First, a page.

Constructing an Audiophile IEM Reference Target

Discussing RAW frequency responses is hot right now. More and more audiophiles are starting to create their own measurement setups. So did I. But what worth are raw curves if you don’t know how to interpret them? Following my very general introduction, I want to try to create a more audiophile linear reference target on my own.

Basics

Right away, I want to recommend Crinacle’s conglomeration of information and back stories: Graphs 101 – How to Read Headphone Measurements. It is definitely a post worth reading.

crinacle.com

I was working on a more expansive post myself when the article above dropped. I think his structure is far better than what I was working on. So I ended right there and thank him for his dedication which saves me a lot of time. In the future, I do want to touch on more aspects.

Crinacle’s IEM Measurement Database

On a side note, I do think that some of my curves have more accuracy, especially in the treble. Crinacle says that he always matches the “coupler resonance” (read: ear canal resonance) to 8 kHz. Personally, I think this is wrong unless you compare similar designs. This should be fine for most audiophile IEMs which often share a basic design and simply juggle with drivers, crossovers and tubes to be unique. But at its core one should consider the fit more heavily. That’s why I always start listening to IEMs first and analyze the frequency response with a sine tone generator. After that I match the peaks on the coupler. Alas, I think I have the most accurate measurements of CIEMs yet. But of course one should consider that I usually go for a deep fit and/or have a shorter ear canal which shifts my resonance higher.

A New Approach

Let’s ignore all scientific research for a second. The premise is that for true fidelity all frequencies should have the same loudness so that the timbre is correct. Long before I measured IEMs I solely trusted on a sine tone generator to analyze the frequency response of a headphone or IEM. So two years ago I have taken an IEM that I think sounds very neutral (InEar ProPhile 8) and used an equalizer to sort the edges out to make it subjectively as flat as possible. Two years later, I now want to redo the same.

Many factors come into play here: loudness, HRTF and of course the inability of absolute hearing. So the error rate is relatively high – but maybe lower than comparing measurements from different sources. I do have to say that I take great care of my hearing – far above average. So you might see me wearing hearing protection without going to the club or a concert. Most of the times I wear IEM’s, less surprisingly, though I use very low volume even when commuting.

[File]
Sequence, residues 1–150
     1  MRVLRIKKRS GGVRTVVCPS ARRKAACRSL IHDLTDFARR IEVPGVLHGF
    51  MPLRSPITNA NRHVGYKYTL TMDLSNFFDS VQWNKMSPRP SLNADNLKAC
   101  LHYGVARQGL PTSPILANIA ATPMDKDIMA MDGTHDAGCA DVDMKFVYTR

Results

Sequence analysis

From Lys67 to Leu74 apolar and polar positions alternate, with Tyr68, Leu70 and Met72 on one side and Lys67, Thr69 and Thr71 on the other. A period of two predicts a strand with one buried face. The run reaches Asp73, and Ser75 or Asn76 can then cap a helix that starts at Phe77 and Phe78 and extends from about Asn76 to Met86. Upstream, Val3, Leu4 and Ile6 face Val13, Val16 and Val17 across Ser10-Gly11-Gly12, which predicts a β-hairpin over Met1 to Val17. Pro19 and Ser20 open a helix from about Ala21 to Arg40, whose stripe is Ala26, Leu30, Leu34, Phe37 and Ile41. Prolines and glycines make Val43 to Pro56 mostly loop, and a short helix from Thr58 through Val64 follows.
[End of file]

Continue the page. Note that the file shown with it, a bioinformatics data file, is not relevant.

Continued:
I have noticed that the outcome depends immensely on ear fatigue. If I perform this test on a Sunday morning (without attending a party the night before), my ears are much more susceptible. I pick up bass as much stronger and show little tolerance in the treble. Even when I re-do the test on the same day without having left the house (I take Covid-19 seriously), my curve ends up as a stronger v-shape. Then again, after a long day, when I drop dead tired into bed, a tiny bass accentuation or tendency towards sibilance can increase fatigue considerably.

So even for a single person, I don’t believe there is one perfect target response. But to prove myself as an audiophile elitist, here is my best attempt.

  • I equalized my IEMs from 80 Hz to 10 kHz only, because I don’t want the IEMs to function as hearing aids and compensate for the natural hearing drop.
  • I am using the parametric EQ of the RME ADI-2 DAC FS so I am limited to 5 corrections per measurement. For handily setting the options, this is quite a lot and can get very complex. Let me tell you, it ate up many hours.
  • With the EQ active, I then performed measurements with my usual setup: RME ADI-2 DAC as source and a 60318-4 compliant ear coupler.

The Result

I have equalized the 64 Audio tia Fourté, Campfire Solaris and my custom 64 Audio A18t.

SPL Measurement 64 Audio tia Fourté + A18t + Campfire Solaris (all equalized)

The Solaris was a real pain to equalize. It still sounds very fuzzy and sizzly in the treble which is probably due to the pressure above 10 kHz. But even with sine sweeps I can still not confirm smooth transitions. I notice many peaks that I couldn’t iron out and are apparent in the measurement. The (post-EQ) A18t sounds most natural in the high frequencies. I did prefer the bass response of EQ’ed Fourté and Solaris.

So here it is, my IEM reference target for low to medium volumes.

Audiophile Reference Target

I will gladly continue to update the target as I continue to equalize more IEMs. However, this is very time consuming and I don’t think that anybody except for me has a useful purpose for it. Anyway, let’s have a short comparison with my very general target from before.

The general approach was definitely more contrasty and dynamic. It sounds just as balanced but can create some fatigue – at least for me. I am pretty certain that at higher volumes the audiophile target would flatten itself out a bit more.

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